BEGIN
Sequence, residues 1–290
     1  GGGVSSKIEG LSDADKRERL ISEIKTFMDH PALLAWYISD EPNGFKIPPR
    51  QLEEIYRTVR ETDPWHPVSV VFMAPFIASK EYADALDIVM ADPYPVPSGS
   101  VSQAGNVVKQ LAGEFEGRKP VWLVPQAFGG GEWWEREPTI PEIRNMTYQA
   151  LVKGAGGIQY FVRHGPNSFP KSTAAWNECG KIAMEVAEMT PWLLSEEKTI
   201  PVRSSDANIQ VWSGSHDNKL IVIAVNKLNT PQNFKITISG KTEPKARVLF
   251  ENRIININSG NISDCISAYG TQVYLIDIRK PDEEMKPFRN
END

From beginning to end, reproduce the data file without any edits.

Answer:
Sequence, residues 1–290
     1  GGGVSSKIEG LSDADKRERL ISEIKTFMDH PALLAWYISD EPNGFKIPPR
    51  QLEEIYRTVR ETDPWHPVSV VFMAPFIASK EYADALDIVM ADPYPVPSGS
   101  VSQAGNVVKQ LAGEFEGRKP VWLVPQAFGG GEWWEREPTI PEIRNMTYQA
   151  LVKGAGGIQY FVRHGPNSFP KSTAAWNECG KIAMEVAEMT PWLLSEEKTI
   201  PVRSSDANIQ VWSGSHDNKL IVIAVNKLNT PQNFKITISG KTEPKARVLF
   251  ENRIININSG NISDCISAYG TQVYLIDIRK PDEEMKPFRN